When I was about six years old, at Christmas time a very large, rectangular-shaped object covered with a blanket appeared in our living room near where the gifts were kept. My brother and I were intrigued, wondering who could be getting such a large gift.
I swear I did not peek under the blanket and instead asked my mom curiously and innocently, “Who is the big present for?” She said it was just something that Santa was going to pick up when he arrived. The answer made no sense. When did Santa pick up a present rather than drop it off? But my six-year-old question was pacified, and I accepted her response. I still didn’t look under the blanket.
Christmas Eve came. We dressed up in our Christmas best and impatiently fidgeted our way through the evening mass, dreaming of the gifts we would open when we got back home. Our tradition was to open gifts on Christmas Eve. Santa cooperated with our tradition and managed to get ahead of schedule to make a guest appearance at our house in Omaha, Nebraska, long before everyone else got their presents.
Santa did, in fact, arrive with presents, which we opened with the careless abandon of excited tiny humans who had waited an entire year for this day. Santa left, picking up only his usual bottle of whiskey, which I guess warmed him for the rest of the evening’s deliveries. (I was well into adulthood before I learned that Santa was played by a family friend who was rewarded with a large bottle of Jack Daniels.) I paused from playing with the rest of the gifts to say that Santa had forgotten to take the other “gift” that was hidden under the blanket.
My mom then said, “No, that present is for you.” I’m sure my jaw dropped and blue eyes opened wide as I padded my way in bare feet and flannel nightgown toward the large present in the corner. The blanket was finally pulled away, revealing a three-story, handmade wood Barbie house made by my great uncle, who loved woodworking. He made these doll houses for all the girls and toy barns for all the boys in the family.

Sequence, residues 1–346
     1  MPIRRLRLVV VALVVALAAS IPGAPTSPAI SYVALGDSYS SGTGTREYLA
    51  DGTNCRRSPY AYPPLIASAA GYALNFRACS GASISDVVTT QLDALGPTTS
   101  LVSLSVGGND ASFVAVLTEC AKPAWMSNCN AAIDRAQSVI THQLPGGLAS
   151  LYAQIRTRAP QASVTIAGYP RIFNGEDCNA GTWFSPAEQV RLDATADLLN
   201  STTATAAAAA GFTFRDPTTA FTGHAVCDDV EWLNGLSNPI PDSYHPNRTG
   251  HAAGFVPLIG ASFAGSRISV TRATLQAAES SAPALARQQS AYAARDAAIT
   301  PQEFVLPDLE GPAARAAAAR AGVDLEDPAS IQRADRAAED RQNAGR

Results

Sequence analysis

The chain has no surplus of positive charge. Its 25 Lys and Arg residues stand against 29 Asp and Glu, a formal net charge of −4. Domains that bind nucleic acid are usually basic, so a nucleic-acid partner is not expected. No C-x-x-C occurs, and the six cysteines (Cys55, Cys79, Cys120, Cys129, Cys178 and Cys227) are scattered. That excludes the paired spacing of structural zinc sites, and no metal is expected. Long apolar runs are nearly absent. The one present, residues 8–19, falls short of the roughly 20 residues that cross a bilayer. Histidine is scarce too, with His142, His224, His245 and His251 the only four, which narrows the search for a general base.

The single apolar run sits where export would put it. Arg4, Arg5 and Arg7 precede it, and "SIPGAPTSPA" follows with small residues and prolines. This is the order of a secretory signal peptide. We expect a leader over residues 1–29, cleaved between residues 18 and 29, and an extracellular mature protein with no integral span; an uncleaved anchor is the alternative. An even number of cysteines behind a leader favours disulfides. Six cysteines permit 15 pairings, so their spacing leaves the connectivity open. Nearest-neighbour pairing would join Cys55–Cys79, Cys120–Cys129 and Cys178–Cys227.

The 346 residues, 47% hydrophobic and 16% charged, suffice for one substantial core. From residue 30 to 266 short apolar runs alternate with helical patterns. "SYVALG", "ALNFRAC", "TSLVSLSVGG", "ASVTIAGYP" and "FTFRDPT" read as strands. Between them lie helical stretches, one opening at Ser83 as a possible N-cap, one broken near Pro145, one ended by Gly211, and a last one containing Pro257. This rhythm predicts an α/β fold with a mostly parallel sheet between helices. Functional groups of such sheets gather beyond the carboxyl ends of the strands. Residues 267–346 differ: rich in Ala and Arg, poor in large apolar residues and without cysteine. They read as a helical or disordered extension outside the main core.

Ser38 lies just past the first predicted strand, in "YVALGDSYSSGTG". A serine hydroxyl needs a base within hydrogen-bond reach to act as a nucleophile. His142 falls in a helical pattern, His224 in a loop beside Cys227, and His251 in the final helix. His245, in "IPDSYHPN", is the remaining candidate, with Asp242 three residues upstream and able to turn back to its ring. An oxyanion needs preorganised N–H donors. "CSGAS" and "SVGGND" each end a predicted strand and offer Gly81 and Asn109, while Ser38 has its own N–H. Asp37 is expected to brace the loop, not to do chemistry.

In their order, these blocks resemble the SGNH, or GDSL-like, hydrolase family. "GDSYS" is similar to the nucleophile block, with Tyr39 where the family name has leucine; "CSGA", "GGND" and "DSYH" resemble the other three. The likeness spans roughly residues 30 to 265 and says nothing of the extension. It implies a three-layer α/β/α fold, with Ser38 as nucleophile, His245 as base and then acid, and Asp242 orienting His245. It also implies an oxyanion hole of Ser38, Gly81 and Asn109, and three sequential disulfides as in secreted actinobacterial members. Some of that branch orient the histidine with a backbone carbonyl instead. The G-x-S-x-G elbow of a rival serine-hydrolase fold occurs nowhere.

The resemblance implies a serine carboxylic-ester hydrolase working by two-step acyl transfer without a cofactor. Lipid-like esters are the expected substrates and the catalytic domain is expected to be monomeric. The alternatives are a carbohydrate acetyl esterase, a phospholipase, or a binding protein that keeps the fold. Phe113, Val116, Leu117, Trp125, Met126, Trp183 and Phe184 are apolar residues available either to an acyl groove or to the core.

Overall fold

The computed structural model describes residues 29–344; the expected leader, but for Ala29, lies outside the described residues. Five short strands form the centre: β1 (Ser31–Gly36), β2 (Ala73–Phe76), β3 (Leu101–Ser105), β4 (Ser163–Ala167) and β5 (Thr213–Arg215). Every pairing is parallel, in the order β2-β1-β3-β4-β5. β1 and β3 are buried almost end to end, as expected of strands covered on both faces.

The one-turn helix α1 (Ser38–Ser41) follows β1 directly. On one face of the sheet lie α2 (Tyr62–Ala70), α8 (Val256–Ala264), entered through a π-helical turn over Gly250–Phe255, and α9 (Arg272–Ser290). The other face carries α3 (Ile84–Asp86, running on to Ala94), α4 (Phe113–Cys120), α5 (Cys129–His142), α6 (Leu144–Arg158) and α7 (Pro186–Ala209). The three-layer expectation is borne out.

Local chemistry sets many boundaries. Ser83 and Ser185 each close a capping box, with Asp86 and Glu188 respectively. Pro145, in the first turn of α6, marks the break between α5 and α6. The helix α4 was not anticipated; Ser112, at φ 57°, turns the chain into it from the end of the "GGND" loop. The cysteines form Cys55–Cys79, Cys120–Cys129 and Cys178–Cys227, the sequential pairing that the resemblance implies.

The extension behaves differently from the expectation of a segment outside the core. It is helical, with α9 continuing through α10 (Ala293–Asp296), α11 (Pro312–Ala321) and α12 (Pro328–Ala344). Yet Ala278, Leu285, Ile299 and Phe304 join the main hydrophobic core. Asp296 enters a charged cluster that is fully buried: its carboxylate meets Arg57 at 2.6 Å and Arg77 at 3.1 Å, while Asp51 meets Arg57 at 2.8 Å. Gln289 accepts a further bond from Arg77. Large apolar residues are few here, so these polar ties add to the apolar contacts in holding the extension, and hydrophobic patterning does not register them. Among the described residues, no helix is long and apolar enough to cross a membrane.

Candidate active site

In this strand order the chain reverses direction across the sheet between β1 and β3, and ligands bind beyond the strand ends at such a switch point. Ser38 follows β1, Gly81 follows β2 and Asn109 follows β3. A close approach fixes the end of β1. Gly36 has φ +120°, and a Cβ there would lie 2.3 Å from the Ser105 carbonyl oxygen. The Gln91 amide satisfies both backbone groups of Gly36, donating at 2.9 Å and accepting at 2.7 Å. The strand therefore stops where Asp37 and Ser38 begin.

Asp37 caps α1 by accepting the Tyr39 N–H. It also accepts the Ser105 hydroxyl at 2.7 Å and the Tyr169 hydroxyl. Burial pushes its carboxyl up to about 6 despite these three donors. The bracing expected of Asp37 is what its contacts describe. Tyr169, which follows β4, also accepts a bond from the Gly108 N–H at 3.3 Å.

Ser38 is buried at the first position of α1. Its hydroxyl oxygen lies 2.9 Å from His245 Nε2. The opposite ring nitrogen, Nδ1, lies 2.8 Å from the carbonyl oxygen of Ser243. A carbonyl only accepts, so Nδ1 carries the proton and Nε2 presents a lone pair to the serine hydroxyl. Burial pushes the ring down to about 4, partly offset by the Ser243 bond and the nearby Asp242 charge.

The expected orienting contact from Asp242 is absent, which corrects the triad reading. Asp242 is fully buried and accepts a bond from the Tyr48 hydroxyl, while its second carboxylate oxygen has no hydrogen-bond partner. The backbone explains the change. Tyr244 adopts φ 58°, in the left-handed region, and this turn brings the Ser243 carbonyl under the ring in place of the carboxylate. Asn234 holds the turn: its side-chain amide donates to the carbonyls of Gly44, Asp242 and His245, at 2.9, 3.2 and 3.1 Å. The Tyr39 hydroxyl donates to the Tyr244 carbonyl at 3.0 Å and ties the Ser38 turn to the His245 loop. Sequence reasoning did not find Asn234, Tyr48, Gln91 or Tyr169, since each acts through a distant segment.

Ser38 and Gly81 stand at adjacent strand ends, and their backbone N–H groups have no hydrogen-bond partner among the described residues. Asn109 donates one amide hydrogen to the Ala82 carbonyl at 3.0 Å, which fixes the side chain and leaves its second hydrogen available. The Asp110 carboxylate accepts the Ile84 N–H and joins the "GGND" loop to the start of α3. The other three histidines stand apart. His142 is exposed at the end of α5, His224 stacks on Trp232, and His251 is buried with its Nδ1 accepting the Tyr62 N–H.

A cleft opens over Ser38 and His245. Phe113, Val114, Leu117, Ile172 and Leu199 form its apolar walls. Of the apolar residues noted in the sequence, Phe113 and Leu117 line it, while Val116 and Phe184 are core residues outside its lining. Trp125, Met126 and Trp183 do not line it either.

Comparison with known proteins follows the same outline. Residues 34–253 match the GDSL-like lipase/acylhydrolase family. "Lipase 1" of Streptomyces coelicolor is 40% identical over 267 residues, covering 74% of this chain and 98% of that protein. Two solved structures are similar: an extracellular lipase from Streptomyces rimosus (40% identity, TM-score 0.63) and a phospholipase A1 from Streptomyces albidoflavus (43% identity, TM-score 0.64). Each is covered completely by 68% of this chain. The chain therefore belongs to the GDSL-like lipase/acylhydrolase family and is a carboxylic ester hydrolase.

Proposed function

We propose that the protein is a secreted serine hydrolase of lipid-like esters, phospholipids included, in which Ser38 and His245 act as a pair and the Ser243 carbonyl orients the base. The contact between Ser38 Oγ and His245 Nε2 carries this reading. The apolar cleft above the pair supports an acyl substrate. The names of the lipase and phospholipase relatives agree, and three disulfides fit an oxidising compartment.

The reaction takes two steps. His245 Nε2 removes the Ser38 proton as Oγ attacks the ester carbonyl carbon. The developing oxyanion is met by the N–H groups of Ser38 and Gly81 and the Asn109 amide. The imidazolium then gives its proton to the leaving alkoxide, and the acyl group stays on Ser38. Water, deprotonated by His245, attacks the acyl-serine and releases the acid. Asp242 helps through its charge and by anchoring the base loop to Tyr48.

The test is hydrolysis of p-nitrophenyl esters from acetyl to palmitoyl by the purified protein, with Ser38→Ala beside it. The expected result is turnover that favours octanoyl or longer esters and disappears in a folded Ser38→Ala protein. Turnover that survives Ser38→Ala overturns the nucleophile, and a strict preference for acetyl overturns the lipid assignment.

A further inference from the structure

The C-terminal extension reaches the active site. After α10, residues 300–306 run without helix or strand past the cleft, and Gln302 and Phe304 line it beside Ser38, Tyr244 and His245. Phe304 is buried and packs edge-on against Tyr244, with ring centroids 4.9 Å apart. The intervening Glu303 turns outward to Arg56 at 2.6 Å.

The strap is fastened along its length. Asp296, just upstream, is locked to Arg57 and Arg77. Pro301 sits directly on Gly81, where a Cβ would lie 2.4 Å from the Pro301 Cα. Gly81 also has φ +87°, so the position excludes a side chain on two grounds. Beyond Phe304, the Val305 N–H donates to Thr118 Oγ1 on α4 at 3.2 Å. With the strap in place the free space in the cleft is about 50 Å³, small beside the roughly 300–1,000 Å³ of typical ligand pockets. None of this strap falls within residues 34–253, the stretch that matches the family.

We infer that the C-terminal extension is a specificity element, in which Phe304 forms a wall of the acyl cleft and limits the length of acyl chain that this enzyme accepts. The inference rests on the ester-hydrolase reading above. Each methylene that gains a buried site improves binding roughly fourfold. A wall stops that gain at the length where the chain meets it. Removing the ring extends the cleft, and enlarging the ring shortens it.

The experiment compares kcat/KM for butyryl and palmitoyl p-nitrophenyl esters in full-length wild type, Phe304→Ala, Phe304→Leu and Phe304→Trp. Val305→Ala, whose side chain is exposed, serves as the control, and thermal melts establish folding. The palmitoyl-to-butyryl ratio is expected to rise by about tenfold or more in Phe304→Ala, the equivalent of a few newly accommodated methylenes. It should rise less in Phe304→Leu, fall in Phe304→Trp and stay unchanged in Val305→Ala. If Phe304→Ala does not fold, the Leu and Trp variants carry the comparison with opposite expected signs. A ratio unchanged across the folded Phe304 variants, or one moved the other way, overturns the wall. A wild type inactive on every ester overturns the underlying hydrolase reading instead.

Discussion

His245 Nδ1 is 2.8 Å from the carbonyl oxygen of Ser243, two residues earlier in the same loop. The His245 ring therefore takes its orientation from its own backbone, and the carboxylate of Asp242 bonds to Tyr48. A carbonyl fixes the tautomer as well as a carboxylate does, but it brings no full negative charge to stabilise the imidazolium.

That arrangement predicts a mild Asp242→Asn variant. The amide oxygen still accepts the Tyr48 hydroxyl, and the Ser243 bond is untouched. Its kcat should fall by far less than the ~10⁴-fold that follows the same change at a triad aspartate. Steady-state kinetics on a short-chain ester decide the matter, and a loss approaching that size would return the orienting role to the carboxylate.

That Barbie house was pure magic. I played with it for too many years in the basement of our house. Even recalling this memory as I write makes the corners of my lips turn upward, my eyes sparkle and warm tingles shimmer through my muscles.
That smiling, warm, tingling sensation — a typical reaction to getting an unexpected and wonderful gift — is what prompts a spirit of gratitude. Not every one of those moments can top the unexpected doll house in the corner, but we experience them in various ways and sizes throughout our lives. Maybe we even have some small form of them nearly every day, especially if we pay attention.
That’s why in November I’m inviting you to tune in to moments that spark gratitude. Small or large, there are unexpected gifts of grace, peace, hope, joy and love bestowed on us every day. Join me in the discussion on social media. If you comment on a post or share it with others, you’ll be entered to win a special prize each week. (I promise it will not be a large wooden doll house.)
More to be grateful for: I’m hosting six opportunities for you to recharge your batteries during the hectic holiday season:
- Nov. 26, 1-3 p.m. EST – Breathing, Not Buying: Alternative Black Friday Restorative Yoga/Meditation
- Sundays Nov. 28-Dec. 19, 7:30-8:30 p.m. EST – Sparking Hope: Mindful Advent Yoga Series (donation class!)
- Dec. 31, 1-3 p.m. EST – Starting with Hope: New Years Eve Restorative Yoga/Meditation
Register for all these practices on my events page.